Recruiting at Large (versus Small)

The problem with large recruiting agencies is that they’re large and in charge…of all the high-in-demand jobs that will give them the most profit. As a recent graduate, I quickly learned that I was competing for jobs with everyone else who graduated at the same time as me, which made up a huge population of job-seekers. I majored in Marketing and graduated with a high GPA. I may not have had a technical degree, but I knew I was smart, hard-working, incredibly dedicated, and I even had some internship experiences listed on my resume. I was confident, but in reality, finding employment was more difficult than I imagined. So I signed up for a recruiting agency.
The first agency I signed up with was a very large, well-known international recruiting firm. When I walked in the reception area, I was immediately impressed by the richness of the décor. There was marble, shiny tiles, glass, a large reception desk, professionally-dressed receptionists, and ambient lighting everywhere. If there was a place I should go to get myself a job, this would be the place to go. Their processes were very well-organized – bundles of paperwork to fill out and read through, interviews with recruiters to assess my skills and my needs, and I left confident I would receive a call with a job placement offer soon.
A week later, I had no phone calls. Another week, no word. I couldn’t wait around for an opening, so I moved on. The agency was great in terms of their professionalism and their reputation was huge. I was impressed by their luxurious image, but in the end they didn’t deliver. I suspect their recruiters were more preoccupied with filling more senior, technical-level jobs that were in high demand, and had no time to waste on someone like me, who would only yield them a much smaller amount of profit.
My suspicions were quickly confirmed when I pursued my next ambition – if you can’t beat ‘em, join ‘em. I applied to work as a recruiter for recruiting agencies. I started with a larger firm with a big reputation for recruiting technology-type jobs. My interview consisted of meetings with two different recruiting managers and a 6-hour long job shadow. I was astounded by how the recruiting industry seemed to work like sales. There were competitions on who could recruit the most people, there were tight deadlines, scripts, and tons of recruiters packed into an open room, phones jammed to their ears – it was like a sales floor or a call center. Only everyone was out to make some money. During my shadowing, I watched people try to push jobs that weren’t necessarily the best fit on job candidates. It was very strange to me that recruiting firms didn’t seem to be focusing more on connecting good people with good companies by finding the best job match, and instead trying to fill as many jobs as possible. I suppose when you think about it, that’s what recruiting firms were supposed to do, but to me, it felt like one huge job-filling machine.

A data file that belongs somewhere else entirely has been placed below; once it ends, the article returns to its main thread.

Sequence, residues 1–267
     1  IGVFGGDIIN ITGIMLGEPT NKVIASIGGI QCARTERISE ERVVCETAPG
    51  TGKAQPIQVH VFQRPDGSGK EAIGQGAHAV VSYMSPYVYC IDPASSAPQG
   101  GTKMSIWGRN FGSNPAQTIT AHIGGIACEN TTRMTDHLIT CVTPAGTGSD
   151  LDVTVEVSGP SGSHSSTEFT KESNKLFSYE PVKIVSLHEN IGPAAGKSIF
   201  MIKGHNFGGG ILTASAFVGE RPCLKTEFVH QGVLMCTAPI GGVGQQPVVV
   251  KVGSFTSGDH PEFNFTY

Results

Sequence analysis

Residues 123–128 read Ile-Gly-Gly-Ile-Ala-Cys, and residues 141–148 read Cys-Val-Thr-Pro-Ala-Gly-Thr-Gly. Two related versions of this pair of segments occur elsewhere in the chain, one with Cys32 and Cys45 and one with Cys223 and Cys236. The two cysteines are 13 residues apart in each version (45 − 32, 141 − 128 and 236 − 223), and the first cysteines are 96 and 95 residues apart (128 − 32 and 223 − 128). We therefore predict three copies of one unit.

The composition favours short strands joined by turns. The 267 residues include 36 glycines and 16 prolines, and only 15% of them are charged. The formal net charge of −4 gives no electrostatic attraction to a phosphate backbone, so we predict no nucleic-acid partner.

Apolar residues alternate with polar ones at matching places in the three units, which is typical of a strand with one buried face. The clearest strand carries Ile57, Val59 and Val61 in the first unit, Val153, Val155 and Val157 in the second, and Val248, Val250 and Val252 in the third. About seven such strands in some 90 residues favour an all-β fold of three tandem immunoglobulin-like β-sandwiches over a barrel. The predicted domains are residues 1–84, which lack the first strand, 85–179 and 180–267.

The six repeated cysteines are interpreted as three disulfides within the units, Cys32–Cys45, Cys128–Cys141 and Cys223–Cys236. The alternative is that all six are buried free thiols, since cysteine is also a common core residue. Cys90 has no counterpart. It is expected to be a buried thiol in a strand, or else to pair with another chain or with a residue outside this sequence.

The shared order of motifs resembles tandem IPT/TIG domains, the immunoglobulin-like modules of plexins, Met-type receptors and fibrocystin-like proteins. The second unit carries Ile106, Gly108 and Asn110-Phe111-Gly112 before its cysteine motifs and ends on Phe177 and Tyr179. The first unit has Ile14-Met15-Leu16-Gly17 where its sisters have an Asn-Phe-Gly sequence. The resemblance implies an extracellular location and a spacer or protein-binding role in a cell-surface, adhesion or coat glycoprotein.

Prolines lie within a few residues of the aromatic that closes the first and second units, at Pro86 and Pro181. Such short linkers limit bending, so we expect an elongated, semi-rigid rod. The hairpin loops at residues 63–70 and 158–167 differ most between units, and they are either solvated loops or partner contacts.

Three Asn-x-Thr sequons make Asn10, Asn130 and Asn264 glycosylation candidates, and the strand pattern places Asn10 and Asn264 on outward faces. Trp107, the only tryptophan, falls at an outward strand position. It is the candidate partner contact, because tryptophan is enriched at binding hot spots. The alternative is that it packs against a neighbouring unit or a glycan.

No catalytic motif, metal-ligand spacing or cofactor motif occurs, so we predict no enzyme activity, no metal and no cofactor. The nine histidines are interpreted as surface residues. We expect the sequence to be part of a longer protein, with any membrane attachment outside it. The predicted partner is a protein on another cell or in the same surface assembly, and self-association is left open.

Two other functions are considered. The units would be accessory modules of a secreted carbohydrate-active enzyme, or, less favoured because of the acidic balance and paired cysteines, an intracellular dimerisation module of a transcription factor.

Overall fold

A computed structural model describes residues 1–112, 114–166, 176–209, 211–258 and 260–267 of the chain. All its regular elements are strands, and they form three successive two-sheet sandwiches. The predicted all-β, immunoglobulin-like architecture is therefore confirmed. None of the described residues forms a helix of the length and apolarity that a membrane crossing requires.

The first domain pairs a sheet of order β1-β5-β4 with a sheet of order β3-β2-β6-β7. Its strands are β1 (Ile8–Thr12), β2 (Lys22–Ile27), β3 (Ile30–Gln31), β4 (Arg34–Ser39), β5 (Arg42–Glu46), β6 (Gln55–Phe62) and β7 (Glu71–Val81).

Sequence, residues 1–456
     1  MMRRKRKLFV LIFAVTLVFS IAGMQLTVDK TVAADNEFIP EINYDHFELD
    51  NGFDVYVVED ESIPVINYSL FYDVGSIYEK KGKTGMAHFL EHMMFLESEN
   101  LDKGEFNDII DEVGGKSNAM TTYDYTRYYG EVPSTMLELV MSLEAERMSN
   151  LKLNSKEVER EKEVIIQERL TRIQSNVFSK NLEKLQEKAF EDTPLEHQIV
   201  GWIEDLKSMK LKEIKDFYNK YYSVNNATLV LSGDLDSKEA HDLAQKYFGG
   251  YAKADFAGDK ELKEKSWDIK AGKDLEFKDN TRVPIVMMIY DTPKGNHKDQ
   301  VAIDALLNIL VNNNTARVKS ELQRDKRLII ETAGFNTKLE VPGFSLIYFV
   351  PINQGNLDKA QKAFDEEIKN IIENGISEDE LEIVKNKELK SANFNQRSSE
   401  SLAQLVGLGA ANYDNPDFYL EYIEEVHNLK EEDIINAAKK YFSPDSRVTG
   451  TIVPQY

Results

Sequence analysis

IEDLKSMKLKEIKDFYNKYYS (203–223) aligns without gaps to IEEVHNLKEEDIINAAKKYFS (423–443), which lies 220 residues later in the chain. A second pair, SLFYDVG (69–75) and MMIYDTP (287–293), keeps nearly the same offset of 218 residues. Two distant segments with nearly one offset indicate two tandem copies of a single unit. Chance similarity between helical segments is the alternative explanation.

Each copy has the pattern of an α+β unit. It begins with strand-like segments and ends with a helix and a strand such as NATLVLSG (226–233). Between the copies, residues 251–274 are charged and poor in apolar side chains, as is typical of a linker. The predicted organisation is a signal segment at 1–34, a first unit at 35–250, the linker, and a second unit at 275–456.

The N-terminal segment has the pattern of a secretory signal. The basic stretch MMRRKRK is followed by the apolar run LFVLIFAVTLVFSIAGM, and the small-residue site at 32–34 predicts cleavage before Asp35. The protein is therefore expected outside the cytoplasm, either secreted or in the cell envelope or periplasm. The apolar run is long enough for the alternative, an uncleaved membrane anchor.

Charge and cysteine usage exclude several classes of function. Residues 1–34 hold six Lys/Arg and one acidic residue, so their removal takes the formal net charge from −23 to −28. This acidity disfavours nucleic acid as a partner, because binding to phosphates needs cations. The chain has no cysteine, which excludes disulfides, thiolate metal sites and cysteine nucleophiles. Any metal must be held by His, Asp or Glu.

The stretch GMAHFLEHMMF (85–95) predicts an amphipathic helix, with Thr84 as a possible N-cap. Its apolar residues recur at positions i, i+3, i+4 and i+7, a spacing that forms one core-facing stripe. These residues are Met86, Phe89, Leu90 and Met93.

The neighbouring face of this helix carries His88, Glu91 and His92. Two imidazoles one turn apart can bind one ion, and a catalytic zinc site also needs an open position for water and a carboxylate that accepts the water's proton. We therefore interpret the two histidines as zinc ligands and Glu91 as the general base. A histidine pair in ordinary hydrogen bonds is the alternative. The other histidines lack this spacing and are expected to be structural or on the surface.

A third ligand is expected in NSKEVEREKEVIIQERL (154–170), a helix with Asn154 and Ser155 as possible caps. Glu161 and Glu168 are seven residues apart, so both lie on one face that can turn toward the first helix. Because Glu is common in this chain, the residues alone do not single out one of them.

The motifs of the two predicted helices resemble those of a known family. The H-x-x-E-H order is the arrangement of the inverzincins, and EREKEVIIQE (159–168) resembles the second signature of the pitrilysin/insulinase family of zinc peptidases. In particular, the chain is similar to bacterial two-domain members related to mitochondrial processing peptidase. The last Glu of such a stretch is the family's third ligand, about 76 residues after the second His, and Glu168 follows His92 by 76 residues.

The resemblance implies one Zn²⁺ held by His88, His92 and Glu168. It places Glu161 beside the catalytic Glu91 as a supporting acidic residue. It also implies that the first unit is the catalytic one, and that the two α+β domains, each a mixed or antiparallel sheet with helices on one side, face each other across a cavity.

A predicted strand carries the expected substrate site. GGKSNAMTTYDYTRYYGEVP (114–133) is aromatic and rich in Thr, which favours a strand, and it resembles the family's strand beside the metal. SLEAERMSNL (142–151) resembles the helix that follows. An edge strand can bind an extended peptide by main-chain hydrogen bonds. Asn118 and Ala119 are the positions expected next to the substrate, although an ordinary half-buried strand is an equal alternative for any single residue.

From then on, I interviewed with smaller recruiting agencies – about 10-20 people at most. It was great – there was individualized attention on each company and each job-seeker, a sense of recruiters helping recruiters instead of an every-man (or woman)-for-himself (or herself) mentality, and a more human element to the process.
That’s one of the biggest benefits of Twenty Bridge – they’re focused on matching people with people, not workers to jobs. Twenty Bridge recruiters put individualized attention on every job-seeker to ensure that they find a job that truly suits their needs. Twenty Bridge isn’t focused on making profit off people, but helping others who are smart, hard-working, incredibly dedicated, with even some experience listed on their resume find not just a job, but the job. They’re focused on building relationships from the first handshake to seeing a new employee off on their first day, and making job-seekers and companies alike, happy and excited with their experience.